In The Name of Fashion

Follow the Checkered Plaid!

Posted in Companies by inthenameoffashion on January 21, 2010

Burberry has been one of the companies making waves in the industry. As a traditional luxury brand with a rich British heritage, the company has broken out of its conservative nature to embrace modernization, kicking off with the Art of the Trench collaboration with Scott Schuman of Sartorialist fame, a website often viewed as the paradigm for brand customer engagement. Breaking traditional coverage of runway shows, Burberry has been one of the first to offer live streams of shows and live commenting (though I’m sure moderated) on their website. A new ad campaign with 19-year-old Emma Watson, most recently joined by her brother, also helped to revitalize and garner more attention to the brand. Lastly, Burberry has also given back to the community, creating a storm with their return to London Fashion Week and contributing to reviving London as a major fashion showcase.

With stellar 3rd quarter results, it was clear that these marketing efforts had paid off. Not only did the company beat analyst expectations, but also outperformed their previous 3rd quarter by 15.5%, in both wholesale and retail (buuut just to put things in perspective, last year around this time the economy was severely depressed). Regardless, in a time where companies are struggling to stay alive, Burberry has handily shown their new powerful position as a leading player in the luxury industry.

Dennis Weber, an analyst from Evolution Securities commented, “The macro environment remains tough and the outlook for the wider luxury environment therefore uncertain. But Burberry’s Pyramid strategy is working well and leads to market share gains in important markets, like the US.” (The Guardian)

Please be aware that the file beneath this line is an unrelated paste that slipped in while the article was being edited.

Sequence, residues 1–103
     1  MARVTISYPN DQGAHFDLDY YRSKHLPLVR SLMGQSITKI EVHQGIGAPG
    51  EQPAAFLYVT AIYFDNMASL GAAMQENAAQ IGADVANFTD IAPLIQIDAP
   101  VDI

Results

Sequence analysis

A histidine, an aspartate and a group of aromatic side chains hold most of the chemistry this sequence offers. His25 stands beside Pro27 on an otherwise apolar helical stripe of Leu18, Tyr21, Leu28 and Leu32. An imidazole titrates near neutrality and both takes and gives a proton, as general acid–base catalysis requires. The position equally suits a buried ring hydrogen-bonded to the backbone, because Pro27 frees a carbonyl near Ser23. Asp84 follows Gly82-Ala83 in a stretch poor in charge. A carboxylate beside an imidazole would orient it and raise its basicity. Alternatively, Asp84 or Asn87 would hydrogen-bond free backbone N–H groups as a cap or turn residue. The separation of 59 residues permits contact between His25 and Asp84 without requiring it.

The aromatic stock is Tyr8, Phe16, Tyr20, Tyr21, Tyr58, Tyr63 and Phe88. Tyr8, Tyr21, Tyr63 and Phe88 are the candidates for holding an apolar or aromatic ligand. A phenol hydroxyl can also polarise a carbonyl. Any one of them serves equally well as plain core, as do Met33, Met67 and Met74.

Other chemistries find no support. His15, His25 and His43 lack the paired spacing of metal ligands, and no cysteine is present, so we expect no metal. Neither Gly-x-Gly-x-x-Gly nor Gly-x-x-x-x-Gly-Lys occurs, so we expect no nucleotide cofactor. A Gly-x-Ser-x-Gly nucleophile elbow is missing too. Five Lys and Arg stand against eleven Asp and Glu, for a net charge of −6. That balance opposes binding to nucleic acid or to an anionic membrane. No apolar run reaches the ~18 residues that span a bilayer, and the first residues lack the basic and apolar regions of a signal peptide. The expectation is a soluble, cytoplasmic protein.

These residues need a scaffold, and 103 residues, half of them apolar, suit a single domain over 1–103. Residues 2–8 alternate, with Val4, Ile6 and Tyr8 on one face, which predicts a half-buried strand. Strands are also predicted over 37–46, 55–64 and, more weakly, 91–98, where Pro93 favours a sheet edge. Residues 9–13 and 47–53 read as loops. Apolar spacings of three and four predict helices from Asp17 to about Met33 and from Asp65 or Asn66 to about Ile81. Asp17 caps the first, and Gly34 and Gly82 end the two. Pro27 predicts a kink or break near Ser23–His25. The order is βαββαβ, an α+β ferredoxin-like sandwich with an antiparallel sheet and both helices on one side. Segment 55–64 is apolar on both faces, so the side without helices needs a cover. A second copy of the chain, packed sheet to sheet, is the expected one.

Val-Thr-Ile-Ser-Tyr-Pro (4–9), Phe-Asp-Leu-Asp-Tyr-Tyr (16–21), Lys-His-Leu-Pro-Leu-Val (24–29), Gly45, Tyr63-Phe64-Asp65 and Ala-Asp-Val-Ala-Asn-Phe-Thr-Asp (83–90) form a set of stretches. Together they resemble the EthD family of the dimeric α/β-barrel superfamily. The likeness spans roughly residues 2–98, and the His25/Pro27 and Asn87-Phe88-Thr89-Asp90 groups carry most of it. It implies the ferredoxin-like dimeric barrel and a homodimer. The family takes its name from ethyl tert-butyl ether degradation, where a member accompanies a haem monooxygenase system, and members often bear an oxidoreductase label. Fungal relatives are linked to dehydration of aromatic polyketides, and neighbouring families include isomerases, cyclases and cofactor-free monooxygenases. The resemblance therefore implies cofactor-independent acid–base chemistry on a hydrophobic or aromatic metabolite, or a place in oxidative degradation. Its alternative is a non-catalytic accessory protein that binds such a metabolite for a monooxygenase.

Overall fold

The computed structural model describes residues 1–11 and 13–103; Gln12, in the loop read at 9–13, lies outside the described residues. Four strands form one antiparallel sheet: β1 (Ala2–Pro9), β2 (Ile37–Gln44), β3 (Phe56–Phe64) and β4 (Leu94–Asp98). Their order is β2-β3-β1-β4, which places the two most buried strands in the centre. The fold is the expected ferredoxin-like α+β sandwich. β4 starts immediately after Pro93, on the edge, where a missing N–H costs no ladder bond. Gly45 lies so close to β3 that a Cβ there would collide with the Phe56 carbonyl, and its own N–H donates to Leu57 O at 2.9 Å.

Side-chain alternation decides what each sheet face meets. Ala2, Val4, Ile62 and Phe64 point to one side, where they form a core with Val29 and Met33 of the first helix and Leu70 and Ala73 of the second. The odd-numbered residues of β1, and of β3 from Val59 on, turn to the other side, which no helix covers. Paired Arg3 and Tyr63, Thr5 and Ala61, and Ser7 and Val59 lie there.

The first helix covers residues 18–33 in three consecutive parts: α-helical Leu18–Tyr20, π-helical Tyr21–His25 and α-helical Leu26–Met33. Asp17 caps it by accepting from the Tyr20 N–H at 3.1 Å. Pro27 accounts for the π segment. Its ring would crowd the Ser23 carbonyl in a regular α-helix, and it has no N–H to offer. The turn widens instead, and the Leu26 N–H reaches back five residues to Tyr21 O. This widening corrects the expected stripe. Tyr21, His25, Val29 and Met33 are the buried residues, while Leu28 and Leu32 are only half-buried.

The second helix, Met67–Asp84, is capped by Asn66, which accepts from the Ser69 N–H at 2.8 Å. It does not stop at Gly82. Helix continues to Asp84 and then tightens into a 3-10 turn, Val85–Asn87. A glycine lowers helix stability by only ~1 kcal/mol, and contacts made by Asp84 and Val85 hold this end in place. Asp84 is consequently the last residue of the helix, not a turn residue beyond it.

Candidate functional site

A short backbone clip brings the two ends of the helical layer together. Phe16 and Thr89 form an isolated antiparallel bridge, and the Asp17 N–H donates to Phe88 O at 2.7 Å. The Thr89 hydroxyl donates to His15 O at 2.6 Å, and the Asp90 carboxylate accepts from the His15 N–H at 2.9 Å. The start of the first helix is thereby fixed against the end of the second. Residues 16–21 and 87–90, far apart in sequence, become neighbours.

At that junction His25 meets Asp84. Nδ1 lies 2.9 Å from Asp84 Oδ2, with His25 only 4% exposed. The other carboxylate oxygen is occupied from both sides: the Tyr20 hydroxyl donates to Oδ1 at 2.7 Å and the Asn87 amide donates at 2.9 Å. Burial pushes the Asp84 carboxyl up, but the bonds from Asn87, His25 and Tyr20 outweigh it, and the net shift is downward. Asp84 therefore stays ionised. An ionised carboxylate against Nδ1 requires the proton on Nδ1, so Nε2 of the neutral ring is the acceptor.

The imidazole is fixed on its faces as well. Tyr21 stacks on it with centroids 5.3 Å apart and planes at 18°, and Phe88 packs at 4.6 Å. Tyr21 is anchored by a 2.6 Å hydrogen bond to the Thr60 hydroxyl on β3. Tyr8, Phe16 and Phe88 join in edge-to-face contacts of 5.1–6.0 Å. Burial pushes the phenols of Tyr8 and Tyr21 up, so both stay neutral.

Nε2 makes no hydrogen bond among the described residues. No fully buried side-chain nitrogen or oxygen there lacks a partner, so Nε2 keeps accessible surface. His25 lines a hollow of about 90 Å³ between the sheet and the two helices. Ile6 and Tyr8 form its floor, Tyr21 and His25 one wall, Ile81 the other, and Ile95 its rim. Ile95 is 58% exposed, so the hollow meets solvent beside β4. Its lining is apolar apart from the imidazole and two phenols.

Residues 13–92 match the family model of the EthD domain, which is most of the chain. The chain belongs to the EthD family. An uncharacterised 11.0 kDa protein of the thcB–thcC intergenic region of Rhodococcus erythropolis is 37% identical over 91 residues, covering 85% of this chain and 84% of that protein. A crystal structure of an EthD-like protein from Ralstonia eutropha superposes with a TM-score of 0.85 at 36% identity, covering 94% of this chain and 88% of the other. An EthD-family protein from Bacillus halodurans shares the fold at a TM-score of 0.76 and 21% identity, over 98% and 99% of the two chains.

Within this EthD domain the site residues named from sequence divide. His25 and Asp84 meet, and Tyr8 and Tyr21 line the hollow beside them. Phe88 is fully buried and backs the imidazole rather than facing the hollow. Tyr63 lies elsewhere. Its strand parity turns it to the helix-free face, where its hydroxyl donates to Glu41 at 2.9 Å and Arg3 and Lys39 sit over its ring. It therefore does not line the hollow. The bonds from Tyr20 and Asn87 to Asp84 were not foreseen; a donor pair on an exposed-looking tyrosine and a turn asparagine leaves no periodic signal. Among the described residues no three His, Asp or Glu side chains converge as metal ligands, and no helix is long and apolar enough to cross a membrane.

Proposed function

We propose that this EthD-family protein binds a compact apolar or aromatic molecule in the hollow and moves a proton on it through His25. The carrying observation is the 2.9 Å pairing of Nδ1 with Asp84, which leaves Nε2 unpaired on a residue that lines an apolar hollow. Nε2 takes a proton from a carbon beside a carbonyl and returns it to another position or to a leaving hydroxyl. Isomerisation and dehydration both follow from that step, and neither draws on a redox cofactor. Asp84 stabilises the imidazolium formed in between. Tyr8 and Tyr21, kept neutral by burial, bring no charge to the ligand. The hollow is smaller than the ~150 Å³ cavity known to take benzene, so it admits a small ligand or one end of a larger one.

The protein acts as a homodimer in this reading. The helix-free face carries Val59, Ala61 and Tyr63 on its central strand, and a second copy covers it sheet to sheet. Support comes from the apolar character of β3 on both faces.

And that led me to the point of this post. What exactly is the pyramid strategy?

The pyramid strategy refers to is the distinction across Burberry’s lines and different product offerings. The position correlates with the cost, number produced and desirability of the line. As you move up the pyramid, the product becomes more expensive, fewer items are produced and the desirability of the item increases.

For instance, Burberry has 4 lines:

  1. Burberry Prosrum
  2. Burberry London
  3. Burberry Brit
  4. Burberry Sport

A general fashion line pyramid would have these qualities:



Adjusted for Burberry’s portfolio:

Other important things to consider, which cross over fashion lines, are products and geography. (Burberry’s November Investor Pack, released Dec 2009)

Across 4 products:

  1. Womenswear
  2. Menswear
  3. Children
  4. Non-apparel

Spanning 5 geographies:

  1. Europe
  2. Spain
  3. Americas
  4. Asia Pacific
  5. Rest of World

From their corporate website, they’ve outlined where they will focus efforts for this year:

  • Leveraging the franchise
  • Intensifying the non-apparel development
  • Accelerating retail-led growth
  • Investing in under-penetrated markets
  • Pursuing operational excellence

AND have delivered in most areas. So far, so good non? Burberry to lead us out of the recession (at least the UK)!

*Another good read on Burberry.

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2 Responses

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  1. jwu said, on January 27, 2010 at 1:14 am

    🙂

  2. PetiteAsianGirl said, on May 18, 2010 at 2:03 pm

    Interesting post on one of my favorite brands. It is good to hear that they are doing well, but I never did understand their Brit/Sport lines. The offerings from those to lines are pretty uninteresting (to me, anyways) so I am surprised there is enough demand for both lines to continue operating. Would they really be considered contemporary?

    I just noticed that they started to offer Prorsum for children ages 2-14. Shocking! $1,000+ trenches for the kids… I guess there has to be demand for that, otherwise they wouldn’t have done it.

    Anyways – great blog! My friend showed it to me, as I currently work in finance and would love to switch paths into Fashion.


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